In one of the most dramatic legislative reversals in recent history, the Massachusetts House of Representatives gave a veto-proof vote of 120-37 to Speaker Robert DeLeo for his bill that would authorize two regional casino resorts and four racinos. The bill survived over 200 amendment attempts.
Now it heads to the Senate, which approved a racino bill in 2005. The Senate, however, plans to pen its own gaming legalization bill, with a vote not expected until June.
The bill will, says DeLeo, create 18,000 jobs, generate up to $500 million annually in economic activity, and inject $100 million into local government from a 40 percent tax of gaming revenue. It would also collect $260 million in one-time licensing fees and require a $500 million minimum investment by a casino developer.
It would, if passed by the Senate and allowed to stand by the governor, make the state the 14th in the nation to have commercial casinos.
Much of that money will, it is expected, come from Massachusetts players who now play in neighboring states, such as Connecticut, where they spend over $1 billion annually.
Two years ago the House, under a different speaker, Salvatore F. DiMasi, shot down a three-casino resort bill by Governor Deval Patrick by more than two thirds. The main difference between then and now is the recession.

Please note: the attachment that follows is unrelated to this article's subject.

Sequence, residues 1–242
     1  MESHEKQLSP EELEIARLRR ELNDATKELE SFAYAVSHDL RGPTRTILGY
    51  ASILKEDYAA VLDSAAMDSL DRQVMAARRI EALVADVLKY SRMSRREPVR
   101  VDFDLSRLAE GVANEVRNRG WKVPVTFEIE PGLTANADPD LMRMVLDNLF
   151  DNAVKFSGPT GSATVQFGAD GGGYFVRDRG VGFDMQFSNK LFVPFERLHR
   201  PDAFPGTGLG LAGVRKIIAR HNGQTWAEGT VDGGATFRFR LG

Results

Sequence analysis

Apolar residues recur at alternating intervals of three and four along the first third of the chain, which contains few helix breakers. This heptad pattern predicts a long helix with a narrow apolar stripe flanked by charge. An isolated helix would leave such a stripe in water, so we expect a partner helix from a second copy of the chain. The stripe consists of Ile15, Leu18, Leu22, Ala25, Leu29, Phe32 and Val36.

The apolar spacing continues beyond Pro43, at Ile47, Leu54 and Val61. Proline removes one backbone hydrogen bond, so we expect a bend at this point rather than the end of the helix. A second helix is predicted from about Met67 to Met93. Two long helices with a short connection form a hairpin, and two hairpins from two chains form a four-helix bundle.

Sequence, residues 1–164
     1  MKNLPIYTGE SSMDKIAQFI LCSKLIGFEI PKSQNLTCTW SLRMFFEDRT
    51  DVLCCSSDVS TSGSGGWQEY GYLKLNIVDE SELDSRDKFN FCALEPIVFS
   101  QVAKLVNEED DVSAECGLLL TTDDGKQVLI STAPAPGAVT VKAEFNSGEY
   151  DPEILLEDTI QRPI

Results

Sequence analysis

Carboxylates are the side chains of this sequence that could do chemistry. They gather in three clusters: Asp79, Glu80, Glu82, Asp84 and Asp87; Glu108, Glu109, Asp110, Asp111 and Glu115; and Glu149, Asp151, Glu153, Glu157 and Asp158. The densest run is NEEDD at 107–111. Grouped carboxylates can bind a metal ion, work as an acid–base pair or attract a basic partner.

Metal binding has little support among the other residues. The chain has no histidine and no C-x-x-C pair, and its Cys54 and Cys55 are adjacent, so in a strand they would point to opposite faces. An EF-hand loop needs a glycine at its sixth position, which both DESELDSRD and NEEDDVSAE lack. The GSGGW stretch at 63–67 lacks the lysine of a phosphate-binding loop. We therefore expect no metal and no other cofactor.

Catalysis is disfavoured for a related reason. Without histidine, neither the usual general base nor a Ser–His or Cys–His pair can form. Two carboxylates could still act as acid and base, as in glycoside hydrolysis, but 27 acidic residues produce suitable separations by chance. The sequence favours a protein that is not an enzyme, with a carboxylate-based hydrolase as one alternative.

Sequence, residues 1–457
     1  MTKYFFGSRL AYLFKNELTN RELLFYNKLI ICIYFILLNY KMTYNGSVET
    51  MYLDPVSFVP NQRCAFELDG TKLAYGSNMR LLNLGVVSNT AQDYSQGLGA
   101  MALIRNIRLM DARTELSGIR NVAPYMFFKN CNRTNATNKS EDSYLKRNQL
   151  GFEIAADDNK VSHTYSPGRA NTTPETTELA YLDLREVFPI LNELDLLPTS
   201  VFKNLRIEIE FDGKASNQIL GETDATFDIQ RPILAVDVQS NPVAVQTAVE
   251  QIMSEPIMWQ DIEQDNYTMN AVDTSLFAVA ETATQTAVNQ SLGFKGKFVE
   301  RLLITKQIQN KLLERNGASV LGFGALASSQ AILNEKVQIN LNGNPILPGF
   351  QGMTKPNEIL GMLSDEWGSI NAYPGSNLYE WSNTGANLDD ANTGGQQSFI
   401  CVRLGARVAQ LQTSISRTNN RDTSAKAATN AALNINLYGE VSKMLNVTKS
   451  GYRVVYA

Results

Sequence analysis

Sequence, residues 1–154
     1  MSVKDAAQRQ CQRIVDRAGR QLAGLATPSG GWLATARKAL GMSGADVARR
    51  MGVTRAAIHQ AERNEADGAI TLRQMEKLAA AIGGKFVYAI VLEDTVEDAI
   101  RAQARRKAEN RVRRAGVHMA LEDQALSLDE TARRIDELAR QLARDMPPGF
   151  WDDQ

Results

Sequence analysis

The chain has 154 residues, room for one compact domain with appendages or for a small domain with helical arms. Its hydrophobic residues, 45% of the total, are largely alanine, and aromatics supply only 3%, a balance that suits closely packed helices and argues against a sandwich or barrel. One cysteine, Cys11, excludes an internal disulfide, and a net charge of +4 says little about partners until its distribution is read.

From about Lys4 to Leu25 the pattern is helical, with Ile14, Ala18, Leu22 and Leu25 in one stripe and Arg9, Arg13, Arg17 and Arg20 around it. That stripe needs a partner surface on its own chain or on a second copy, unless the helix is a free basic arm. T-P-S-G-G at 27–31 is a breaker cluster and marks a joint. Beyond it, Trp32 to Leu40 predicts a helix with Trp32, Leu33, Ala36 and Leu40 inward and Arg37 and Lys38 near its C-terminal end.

Most of those representatives reversed themselves in the new vote. That includes the speaker himself. But they aren’t the only ones who changed their minds. Patrick is now on record as opposing this bill, which he said would have unacceptable social costs.
Several representatives who fought hard for a guarantee that Western Massachusetts would be guaranteed one of the casinos were unsuccessful. That region includes the town of Palmer, where the development arm of the Mohegan tribe of Connecticut is pushing to build a mega-casino resort.
One ancillary effect of the bill was that online poker-playing in the Bay State was not criminalized, as it had been in the original bill pushed by Patrick two years ago. Removing that provision from the bill was supported by the Poker Players Alliance, a nationwide organization that has 25,000 members in the state.